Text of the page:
Google seems to be building up a solid fan base of its Chromebook series, with sales of the computers set to jump 27 percent in 2015 compared with 2014.
The expected rise to around 7.3 million units is largely due to increased interest in the education sector, with Chromebooks set to go up against Apple's iPad in the sector.
"Since the first model launched in mid-2011, Google's Chromebook has seen success mainly in the education segment across all regions," said principal Gartner analyst Isabelle Durand. "In 2014, the education sector purchased 72 percent of Chromebooks in EMEA, 69 percent in Asia/Pacific, and 60 percent in the U.S." EMEA is the regional abbreviation for Europe, the Middle East and Africa often used in business and marketing.
Chromebooks are essentially a lower-cost alternative to laptop computers today, able to keep costs down by sacrificing lots of storage and memory for integration with Google's services, which are largely web-based. The computers are powered by Google's Chrome OS.
Because of their lower cost and emphasis on web integration, they are a great solution for schools; however, they have not really caught on just yet in the business and consumer markets. This is largely due to the fact that they are fairly low-powered and rely on Internet connectivity for much of their features.
"The major factors that affect the adoption of Chromebooks by consumers remain the connectivity issue in emerging markets, but also the ability for users to understand and get used to cloud-based applications, and keep content in the cloud and ecosystem," continued Durand.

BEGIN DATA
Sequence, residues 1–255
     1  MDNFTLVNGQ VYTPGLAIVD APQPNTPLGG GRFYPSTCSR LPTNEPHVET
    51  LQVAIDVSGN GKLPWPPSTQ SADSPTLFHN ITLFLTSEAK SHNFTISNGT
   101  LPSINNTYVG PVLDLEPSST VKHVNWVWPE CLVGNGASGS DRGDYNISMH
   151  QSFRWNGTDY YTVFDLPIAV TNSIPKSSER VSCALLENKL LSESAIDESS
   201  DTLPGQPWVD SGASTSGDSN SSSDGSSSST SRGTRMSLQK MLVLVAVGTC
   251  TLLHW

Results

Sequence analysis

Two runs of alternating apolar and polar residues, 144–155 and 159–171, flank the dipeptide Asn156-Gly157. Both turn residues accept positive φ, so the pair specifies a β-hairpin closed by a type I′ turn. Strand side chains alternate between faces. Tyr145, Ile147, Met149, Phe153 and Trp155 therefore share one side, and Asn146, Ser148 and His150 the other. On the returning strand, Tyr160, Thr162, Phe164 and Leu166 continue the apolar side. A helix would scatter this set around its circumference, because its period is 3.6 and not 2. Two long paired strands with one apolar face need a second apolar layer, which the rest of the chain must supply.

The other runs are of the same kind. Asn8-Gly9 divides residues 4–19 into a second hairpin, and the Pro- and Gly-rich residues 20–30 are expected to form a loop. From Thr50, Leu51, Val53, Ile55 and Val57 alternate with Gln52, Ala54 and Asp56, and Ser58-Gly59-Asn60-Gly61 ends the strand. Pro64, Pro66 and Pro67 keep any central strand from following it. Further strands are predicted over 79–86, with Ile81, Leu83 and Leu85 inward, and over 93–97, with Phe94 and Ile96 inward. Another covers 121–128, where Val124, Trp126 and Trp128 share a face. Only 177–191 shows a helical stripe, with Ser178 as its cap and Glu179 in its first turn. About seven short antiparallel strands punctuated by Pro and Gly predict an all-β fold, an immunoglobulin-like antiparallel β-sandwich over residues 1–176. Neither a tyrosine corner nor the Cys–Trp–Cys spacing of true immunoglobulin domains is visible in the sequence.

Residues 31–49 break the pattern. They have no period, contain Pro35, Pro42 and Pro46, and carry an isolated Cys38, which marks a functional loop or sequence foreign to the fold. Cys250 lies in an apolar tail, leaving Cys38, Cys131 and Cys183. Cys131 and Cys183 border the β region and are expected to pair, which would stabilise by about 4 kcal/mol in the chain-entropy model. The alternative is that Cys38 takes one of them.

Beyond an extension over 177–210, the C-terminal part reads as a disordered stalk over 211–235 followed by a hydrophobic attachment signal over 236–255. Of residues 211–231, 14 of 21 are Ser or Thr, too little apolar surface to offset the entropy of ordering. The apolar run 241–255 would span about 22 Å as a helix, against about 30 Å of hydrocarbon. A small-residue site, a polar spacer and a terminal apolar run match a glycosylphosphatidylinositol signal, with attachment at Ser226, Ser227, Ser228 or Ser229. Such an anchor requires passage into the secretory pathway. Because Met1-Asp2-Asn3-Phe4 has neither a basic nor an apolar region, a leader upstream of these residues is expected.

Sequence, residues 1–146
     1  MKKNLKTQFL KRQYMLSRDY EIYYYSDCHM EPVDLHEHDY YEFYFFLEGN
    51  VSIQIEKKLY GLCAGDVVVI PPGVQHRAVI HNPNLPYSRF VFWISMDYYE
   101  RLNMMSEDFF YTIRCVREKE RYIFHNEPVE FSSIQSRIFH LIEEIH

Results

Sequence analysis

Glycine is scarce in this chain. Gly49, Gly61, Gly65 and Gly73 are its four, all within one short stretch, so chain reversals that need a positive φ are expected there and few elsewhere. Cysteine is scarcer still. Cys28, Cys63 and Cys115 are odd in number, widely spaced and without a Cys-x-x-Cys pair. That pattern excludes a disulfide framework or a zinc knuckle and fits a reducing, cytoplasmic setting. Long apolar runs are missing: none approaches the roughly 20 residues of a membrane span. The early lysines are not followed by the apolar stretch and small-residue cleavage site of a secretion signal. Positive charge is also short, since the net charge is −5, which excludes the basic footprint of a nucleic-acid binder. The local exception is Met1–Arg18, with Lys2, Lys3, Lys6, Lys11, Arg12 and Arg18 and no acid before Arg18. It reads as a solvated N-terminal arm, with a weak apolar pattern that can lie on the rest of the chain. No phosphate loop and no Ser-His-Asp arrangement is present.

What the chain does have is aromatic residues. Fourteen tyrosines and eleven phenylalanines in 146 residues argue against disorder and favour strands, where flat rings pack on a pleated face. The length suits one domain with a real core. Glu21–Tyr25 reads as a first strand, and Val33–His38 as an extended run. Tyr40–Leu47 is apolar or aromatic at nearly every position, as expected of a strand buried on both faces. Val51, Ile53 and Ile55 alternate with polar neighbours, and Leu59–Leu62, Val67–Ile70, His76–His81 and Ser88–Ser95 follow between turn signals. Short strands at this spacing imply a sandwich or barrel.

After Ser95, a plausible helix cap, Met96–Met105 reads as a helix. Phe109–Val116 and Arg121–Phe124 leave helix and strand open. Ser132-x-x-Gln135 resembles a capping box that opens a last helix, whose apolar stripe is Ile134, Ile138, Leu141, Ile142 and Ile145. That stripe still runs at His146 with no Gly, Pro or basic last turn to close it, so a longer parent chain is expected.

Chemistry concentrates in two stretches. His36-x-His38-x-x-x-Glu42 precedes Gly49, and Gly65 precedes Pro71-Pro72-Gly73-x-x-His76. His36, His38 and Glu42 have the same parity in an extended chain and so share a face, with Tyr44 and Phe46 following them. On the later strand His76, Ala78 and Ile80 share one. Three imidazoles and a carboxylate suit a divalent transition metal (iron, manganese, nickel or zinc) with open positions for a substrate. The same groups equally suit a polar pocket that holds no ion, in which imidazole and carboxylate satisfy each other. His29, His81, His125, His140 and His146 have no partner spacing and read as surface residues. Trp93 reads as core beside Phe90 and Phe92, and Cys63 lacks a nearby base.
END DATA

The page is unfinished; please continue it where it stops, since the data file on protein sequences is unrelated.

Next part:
According to Gartner, Chromebook sales are as low as they are because of a lack of consumer awareness. Many potential buyers are unaware of the fact that Chromebooks even exist.
Among sales last year, 84 percent of Chromebooks were sold in North America, with the U.S. market being the largest. Another 11 percent were sold in Europe, the Middle East and Africa, and less than 3 percent were sold in Asia.
Despite the growth, Chromebooks make up a tiny amount of the 300 million computers expected to ship this year. Chromebook sales are expected to continue to grow in future years as consumers shift their attention to cloud-based apps and services. Even the more tech-savvy among us could use a Chromebook as a secondary device to more full-featured computers. Chromebook adoption could be especially high in the future if Internet connectivity becomes more common in emerging markets, with Chromebooks generally being very low cost.
The largest maker of Chromebooks is Acer, followed by Samsung and HP.